During our ascent we realized there was no way we could go back the way we came. Actually, Beimes and Justin probably could do it, but that was a risk I wasn't going to take. We agreed the return trek would be like rappelling but without harnesses, and there was no way I was going to trust putting ALL my weight into those unmaintained ropes. So we headed out the normal way, down the third peak, up the second, and down the first. The climb up the back of the third peak made the rest of the hike, in regards to fear factor, zilch. It seemed exceptionally easy and on narrow ledges I found myself running. It was, however, a killer on the calves going up the second peak. We took a nice break at the first peak and completed the hike in about three hours. (To think we actually thought we were going to climb up and down Olomana's back in two, what fools!)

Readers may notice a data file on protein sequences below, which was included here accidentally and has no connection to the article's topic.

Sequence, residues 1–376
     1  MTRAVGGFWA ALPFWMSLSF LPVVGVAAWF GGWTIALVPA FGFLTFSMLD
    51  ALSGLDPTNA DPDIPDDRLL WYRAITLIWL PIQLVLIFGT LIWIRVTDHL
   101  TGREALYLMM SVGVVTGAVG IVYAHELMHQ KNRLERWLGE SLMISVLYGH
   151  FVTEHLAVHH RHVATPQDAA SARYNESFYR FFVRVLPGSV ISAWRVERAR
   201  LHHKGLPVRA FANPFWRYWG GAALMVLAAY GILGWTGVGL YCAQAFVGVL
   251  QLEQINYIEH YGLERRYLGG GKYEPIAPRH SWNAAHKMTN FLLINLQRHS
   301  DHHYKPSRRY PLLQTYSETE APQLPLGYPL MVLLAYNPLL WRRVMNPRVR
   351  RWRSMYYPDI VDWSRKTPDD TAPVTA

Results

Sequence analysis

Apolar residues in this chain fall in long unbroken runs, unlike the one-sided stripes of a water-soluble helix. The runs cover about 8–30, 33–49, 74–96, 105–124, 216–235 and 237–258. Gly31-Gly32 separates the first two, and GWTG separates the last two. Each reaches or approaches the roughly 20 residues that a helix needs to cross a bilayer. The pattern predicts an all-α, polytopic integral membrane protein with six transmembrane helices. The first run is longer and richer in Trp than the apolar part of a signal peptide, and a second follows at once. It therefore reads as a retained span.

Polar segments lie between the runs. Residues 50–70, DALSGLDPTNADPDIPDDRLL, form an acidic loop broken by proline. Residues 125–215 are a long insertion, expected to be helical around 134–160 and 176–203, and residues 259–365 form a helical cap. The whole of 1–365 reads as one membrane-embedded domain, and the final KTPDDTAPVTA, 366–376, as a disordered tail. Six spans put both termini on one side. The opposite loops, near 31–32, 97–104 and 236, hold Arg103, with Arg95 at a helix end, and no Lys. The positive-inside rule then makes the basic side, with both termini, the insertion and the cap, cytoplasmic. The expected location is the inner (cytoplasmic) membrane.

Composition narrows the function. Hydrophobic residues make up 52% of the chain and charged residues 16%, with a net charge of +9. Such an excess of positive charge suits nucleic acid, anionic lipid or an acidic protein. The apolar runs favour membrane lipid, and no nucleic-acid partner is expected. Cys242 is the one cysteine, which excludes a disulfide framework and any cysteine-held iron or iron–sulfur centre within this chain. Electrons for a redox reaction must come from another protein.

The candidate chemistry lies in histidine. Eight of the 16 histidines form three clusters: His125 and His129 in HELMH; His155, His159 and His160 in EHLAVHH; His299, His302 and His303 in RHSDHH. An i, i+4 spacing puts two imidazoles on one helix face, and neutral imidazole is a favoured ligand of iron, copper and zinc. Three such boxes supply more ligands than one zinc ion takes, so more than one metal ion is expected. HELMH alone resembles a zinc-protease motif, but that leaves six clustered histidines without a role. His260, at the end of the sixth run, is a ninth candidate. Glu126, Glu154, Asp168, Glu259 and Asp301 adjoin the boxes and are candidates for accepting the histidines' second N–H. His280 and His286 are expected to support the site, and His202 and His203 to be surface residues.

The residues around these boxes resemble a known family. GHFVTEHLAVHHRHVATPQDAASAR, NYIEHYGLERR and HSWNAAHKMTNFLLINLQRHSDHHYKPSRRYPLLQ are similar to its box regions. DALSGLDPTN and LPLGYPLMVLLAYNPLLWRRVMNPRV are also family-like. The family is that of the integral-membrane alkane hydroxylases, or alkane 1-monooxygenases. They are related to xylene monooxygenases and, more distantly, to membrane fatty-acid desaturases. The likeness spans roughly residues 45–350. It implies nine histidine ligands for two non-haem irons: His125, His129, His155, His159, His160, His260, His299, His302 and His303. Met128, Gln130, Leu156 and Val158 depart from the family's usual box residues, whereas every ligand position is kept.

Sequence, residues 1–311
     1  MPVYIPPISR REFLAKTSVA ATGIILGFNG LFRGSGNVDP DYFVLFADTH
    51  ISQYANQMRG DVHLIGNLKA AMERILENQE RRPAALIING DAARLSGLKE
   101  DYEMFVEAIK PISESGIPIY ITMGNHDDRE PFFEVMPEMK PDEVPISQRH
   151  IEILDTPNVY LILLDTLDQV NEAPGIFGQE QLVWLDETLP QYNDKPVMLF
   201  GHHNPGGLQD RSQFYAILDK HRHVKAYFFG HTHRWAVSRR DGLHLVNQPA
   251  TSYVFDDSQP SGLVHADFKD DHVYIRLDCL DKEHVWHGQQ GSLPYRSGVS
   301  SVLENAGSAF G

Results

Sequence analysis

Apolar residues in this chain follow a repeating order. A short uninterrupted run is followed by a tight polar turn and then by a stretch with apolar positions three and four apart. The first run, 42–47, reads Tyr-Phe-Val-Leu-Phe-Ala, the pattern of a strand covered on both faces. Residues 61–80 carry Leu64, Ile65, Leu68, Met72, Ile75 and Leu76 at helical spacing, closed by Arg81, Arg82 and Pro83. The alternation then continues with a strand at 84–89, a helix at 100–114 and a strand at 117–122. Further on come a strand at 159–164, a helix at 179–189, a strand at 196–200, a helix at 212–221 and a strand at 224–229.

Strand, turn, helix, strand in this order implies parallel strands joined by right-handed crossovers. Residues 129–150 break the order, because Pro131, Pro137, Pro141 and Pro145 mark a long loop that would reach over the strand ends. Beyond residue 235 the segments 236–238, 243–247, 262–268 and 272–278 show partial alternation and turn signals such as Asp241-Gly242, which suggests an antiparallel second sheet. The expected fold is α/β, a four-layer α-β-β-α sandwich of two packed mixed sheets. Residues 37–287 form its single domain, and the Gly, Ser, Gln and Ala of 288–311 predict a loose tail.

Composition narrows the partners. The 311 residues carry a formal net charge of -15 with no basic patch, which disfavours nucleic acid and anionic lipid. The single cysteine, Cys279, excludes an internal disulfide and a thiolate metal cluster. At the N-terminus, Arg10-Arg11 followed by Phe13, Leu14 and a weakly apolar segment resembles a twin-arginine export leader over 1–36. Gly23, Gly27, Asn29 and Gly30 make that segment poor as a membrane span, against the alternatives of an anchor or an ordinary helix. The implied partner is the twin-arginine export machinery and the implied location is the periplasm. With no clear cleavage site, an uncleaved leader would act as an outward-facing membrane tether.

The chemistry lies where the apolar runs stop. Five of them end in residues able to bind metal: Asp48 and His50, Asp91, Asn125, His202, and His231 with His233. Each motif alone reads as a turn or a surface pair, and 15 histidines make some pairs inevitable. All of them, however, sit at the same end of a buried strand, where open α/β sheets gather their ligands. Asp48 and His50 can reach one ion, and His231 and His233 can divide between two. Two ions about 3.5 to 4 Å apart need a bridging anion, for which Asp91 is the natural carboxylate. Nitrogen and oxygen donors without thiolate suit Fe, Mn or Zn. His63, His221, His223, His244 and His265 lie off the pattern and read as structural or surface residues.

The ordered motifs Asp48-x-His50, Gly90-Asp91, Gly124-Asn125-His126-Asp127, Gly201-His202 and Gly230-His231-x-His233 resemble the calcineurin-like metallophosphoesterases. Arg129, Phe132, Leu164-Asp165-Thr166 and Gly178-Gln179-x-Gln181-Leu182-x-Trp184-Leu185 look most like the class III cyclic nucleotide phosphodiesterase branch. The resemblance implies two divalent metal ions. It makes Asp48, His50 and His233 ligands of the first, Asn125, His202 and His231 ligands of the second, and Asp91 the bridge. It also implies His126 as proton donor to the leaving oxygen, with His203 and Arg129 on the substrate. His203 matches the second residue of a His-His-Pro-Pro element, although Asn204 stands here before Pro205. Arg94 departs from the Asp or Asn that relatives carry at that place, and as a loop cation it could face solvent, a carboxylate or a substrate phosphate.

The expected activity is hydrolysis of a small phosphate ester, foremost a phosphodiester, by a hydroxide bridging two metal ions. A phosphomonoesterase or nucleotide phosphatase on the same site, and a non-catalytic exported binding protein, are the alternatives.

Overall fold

Olomana in reverse is in one word: EPIC.
I am so grateful to Beimes and Justin because without the two of them this and many of the other hikes I have been on would not be possible. Thanks guys!!!

Thursday, June 17, 2010

Konahuahui via Kalawahine

Konahuanui is a hike to the two highest peaks in the Koolau Mountain Range. K2, the second highest peak reaches an elevation of about 3,105 ft., while K1, the highest peak reaches a height of about 3, 150 ft. Although the first half of the hike via Kalawahine is not difficult, the second half is often overgrown and extremely muddy, requires the use of ropes, and contains portions of massive drops. However, the strenuous climb is definitely outweighed by its priceless views unlike any other.